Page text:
Finafloxacin Shown to be Effective for the Treatment of Urinary Tract Infections

Results from a double-blind phase 2 clinical study show that finafloxacin was a more effective and safe option than ciprofloxacin for the treatment of complicated urinary tract infections and acute pyelonephritis. This research is being presented at ASM's 55th Interscience Conference on Antimicrobial Agents and Chemotherapy (ICAAC/ICC).

Data from the study shows that patients treated with a five-day course of finafloxacin had a higher, more rapid and more sustained level of pathogen eradication and improved clinical outcomes than those treated with the current standard of care, ciprofloxacin taken twice daily for 10 days.

"Finafloxacin was found to be both safe and tolerable and could offer physician a viable additional option when treating bacterial infections in future," says David Dally, CEO of MerLion Pharmaceuticals Pte. Ltd.

225 adult patients diagnosed with cUTI and acute pyelonephritis at 18 sites in Poland and Germany were randomized to receive 800 mg finafloxacin once daily either for a total of five or 10 days, or 400 mg (oral)/500 mg (iv) ciprofloxacin twice daily for 10 days. Physicians could switch from the initial intravenous to oral administration and release the patients from hospital after day 3.

Finafloxacin dosed for five days was as efficient as finafloxacin dosed for 10 days in a combined evaluation of the clinical and microbiological response with efficacy rates of 70 percent and 68 percent on day 17 of the study. Both finafloxacin dosing regimens were more efficient than the treatment with ciprofloxacin for 10 days resulting in 57 percent efficacy. The short five-day treatment period with finafloxacin did not result in an increased rate of relapses when compared to both 10-day treatment regimens in this study.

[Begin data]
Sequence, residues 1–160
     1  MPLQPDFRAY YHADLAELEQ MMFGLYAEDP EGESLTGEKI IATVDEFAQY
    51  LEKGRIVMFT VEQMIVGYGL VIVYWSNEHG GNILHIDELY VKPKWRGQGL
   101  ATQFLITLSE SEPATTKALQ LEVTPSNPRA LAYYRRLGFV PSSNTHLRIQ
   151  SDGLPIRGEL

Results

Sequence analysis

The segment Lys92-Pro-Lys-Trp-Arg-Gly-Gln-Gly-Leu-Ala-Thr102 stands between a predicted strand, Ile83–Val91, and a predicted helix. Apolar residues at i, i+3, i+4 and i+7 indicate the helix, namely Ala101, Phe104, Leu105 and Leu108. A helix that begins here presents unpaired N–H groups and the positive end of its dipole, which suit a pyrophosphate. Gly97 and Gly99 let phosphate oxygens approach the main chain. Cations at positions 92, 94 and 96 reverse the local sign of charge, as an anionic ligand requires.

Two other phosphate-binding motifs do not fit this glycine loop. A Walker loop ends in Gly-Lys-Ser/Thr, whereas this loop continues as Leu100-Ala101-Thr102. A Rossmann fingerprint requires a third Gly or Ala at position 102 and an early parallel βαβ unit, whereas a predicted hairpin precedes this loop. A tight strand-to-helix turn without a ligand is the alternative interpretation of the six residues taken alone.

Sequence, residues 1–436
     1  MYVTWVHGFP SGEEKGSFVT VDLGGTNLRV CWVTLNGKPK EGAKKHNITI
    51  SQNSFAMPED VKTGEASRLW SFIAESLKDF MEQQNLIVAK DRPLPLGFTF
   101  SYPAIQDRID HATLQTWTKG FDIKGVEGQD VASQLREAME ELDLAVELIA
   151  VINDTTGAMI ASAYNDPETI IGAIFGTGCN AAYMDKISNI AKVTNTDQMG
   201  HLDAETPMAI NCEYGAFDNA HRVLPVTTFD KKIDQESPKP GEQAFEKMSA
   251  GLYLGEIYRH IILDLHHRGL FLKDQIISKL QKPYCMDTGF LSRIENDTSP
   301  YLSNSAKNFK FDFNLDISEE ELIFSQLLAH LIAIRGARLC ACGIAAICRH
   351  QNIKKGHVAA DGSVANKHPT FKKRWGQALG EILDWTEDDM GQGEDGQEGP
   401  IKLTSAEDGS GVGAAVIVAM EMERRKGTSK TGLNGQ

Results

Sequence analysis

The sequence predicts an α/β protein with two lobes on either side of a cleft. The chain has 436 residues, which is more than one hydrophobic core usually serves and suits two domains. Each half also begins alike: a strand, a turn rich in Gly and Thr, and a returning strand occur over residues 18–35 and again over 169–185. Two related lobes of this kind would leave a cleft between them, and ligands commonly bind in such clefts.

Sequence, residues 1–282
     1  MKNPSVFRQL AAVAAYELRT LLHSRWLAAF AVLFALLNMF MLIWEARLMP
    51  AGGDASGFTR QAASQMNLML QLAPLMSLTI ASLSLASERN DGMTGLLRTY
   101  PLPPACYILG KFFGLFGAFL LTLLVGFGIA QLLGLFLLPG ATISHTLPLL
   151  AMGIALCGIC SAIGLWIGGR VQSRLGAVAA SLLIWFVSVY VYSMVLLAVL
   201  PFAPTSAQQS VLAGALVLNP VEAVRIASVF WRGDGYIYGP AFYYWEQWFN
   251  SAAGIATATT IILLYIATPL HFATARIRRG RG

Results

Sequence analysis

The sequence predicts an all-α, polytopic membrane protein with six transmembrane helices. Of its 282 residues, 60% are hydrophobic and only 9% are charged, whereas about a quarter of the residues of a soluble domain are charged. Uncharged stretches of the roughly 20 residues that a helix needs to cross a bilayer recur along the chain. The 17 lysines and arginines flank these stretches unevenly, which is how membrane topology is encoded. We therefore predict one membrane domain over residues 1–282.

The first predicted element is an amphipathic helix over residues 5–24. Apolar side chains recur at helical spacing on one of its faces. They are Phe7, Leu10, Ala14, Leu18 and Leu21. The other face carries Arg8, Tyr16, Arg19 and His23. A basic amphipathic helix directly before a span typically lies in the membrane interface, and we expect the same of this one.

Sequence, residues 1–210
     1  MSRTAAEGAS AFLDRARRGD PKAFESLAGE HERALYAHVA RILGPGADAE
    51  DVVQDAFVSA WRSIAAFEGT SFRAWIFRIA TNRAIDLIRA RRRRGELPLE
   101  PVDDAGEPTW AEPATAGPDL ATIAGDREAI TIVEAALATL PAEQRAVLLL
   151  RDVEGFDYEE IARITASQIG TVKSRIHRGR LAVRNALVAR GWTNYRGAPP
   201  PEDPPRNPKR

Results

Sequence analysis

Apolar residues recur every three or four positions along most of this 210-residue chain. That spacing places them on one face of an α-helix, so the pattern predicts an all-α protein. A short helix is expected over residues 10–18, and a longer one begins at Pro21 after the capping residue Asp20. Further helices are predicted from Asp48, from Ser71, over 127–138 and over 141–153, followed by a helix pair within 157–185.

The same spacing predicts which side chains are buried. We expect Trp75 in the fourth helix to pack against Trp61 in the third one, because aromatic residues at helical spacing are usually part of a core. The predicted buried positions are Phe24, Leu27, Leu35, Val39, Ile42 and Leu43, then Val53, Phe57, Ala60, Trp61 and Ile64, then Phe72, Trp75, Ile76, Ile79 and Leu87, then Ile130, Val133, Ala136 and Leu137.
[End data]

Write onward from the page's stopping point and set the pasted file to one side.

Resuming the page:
Furthermore, an interim evaluation on day 3 of the study revealed that finafloxacin eradicated pathogens more quickly than ciprofloxacin (89 percent vs. 79 percent). This rapid antibacterial activity of finafloxacin was not affected by urine pH, with comparable activity at acidic, neutral and basic conditions whereas ciprofloxacin eradicated pathogens less efficiently in patients with acidic urine.

"In contrast to ciprofloxacin, finafloxacin also showed a very rapid antimicrobial effect against ciprofloxacin-resistant pathogens and ESBL producing bacteria," says Dally. Resistance to fluoroquinolones and ESBL producing bacteria that cause UTIs in particular are an increasing health problem.

Urinary tract infections (UTIs) are among the most prevalent infectious diseases in ambulatory and hospitalized populations, with a substantial financial burden on society, causing more than 7 million annual physician visits in the U.S.

The results of this phase 2 clinical study were presented by MerLion Pharmaceuticals, a biopharmaceutical company based in Singapore and Berlin.

This research was presented as part of ASM's Interscience Conference of Antimicrobial Agents and Chemotherapy (ICAAC) being held Sept. 17-21, 2015 in San Diego.

Source: American Society for Microbiology

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